amorpha: (Default)
[personal profile] amorpha
there are times when i think a lot of ostensibly "normal" (non-disabled, non-autistic) people actually have no idea what they are actually saying to each other. as difficult as words are for me, at least... when i use them to deliberately communicate a point, i know exactly what i'm trying to say. (and i am talking about deliberate use of words here, not echolalia or hypergraphia.)

but sometimes I look at the stuff people say and I wonder if they even know if they have a point in any of it, or if they know what that point is, or if they're even talking about the same things as the other people in a conversation, or if what they're saying is logically consistent. i sometimes think that we can actually have a better grasp of all those things than... a lot of people who have accused us of not knowing what we're talking about or not understanding what other people are talking about.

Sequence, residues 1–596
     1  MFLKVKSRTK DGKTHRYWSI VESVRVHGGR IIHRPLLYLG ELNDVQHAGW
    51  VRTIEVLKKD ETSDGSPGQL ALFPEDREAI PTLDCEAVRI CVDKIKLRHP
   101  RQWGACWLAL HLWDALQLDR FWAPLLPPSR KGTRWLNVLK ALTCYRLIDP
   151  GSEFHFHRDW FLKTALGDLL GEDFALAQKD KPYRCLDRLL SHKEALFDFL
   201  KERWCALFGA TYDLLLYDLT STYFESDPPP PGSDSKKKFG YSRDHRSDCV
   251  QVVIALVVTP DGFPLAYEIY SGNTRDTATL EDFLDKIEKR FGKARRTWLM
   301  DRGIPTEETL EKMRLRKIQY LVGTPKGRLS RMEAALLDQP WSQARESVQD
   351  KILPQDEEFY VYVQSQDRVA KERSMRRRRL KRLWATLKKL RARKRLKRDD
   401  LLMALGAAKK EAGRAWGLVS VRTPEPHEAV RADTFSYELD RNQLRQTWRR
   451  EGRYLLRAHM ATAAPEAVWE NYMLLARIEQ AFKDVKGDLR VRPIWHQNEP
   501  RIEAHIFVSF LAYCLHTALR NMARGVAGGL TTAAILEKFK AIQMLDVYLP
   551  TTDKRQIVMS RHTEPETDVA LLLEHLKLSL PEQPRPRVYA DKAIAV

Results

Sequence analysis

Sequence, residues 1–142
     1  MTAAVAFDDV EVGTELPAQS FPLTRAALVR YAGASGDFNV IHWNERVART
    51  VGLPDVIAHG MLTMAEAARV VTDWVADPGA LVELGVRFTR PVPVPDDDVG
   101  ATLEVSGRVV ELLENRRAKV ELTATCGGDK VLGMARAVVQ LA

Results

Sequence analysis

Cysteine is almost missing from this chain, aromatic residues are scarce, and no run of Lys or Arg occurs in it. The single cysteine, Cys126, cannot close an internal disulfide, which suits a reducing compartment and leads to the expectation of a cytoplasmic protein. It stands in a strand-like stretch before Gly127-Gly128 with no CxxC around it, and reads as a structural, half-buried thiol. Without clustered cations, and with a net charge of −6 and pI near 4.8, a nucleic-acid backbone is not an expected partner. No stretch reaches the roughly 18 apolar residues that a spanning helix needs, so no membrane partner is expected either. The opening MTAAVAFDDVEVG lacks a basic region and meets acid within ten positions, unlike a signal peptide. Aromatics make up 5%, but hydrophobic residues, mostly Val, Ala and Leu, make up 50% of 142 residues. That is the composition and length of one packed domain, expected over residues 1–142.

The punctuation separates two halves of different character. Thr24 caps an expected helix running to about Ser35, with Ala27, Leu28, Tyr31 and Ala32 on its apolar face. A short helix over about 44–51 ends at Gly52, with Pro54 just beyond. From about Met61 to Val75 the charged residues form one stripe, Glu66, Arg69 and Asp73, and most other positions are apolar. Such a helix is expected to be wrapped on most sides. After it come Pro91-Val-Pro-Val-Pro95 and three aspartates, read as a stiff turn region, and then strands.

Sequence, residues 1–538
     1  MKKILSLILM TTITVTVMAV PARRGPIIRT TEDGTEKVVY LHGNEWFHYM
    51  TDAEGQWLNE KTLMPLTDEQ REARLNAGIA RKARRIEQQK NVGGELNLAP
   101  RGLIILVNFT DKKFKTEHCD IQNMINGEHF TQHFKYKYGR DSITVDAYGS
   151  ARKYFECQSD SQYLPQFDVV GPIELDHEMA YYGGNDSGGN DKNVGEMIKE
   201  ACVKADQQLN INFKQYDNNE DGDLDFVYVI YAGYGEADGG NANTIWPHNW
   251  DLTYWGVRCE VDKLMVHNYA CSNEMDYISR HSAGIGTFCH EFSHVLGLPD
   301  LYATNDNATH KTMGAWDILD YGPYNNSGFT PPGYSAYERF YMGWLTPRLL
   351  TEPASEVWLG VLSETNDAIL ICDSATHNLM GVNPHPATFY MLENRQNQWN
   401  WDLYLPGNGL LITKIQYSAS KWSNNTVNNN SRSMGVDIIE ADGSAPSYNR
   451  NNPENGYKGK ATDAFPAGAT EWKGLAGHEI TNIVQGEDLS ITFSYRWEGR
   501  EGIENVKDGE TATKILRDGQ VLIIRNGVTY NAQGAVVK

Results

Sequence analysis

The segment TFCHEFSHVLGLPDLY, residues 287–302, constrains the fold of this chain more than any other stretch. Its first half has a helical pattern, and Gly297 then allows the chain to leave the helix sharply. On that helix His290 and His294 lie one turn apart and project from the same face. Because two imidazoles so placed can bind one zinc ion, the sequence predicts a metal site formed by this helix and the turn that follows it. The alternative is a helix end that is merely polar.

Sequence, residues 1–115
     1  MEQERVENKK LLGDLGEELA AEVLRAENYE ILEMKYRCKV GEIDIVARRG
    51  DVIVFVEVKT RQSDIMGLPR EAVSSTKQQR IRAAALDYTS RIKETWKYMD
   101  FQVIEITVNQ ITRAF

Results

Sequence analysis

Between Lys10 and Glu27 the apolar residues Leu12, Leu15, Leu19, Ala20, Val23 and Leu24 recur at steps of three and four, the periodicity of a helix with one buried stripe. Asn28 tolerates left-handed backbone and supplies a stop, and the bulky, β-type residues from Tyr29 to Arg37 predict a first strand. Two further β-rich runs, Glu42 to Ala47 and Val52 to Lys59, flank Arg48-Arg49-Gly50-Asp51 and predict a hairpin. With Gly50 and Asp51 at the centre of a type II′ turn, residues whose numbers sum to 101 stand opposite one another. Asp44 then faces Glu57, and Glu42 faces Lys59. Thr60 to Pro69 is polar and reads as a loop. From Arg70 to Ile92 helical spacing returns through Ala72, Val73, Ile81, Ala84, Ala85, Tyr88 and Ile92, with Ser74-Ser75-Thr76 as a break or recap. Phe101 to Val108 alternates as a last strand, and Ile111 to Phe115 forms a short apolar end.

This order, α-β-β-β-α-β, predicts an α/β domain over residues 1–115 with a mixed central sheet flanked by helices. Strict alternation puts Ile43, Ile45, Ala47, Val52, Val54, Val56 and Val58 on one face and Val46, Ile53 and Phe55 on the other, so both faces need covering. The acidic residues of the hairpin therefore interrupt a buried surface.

(...i also think "normal" people can also repeat word-sets and ideologies echolalically. and that this has been a problem in some communities we're in. but because it happens so often to us-- involuntarily absorbing and repeating word sets, i mean-- we've had to get good at telling the difference between when we're being echolalic and when we're not, and the different degrees and types of echolalia. whereas people who experience it only rarely, or only in certain places, often seem to think their echolalia is coming directly from them and representing their true opinions and perceptions, because they haven't had a lot of experience in having to tell the difference.)


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January 2013

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